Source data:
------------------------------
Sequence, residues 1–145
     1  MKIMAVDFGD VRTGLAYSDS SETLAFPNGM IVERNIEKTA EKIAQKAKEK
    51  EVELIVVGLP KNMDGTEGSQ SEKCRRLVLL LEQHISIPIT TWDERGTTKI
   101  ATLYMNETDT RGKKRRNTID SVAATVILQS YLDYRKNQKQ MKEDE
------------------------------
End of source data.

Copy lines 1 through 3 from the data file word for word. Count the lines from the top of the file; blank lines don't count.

Sequence, residues 1–145
     1  MKIMAVDFGD VRTGLAYSDS SETLAFPNGM IVERNIEKTA EKIAQKAKEK
    51  EVELIVVGLP KNMDGTEGSQ SEKCRRLVLL LEQHISIPIT TWDERGTTKI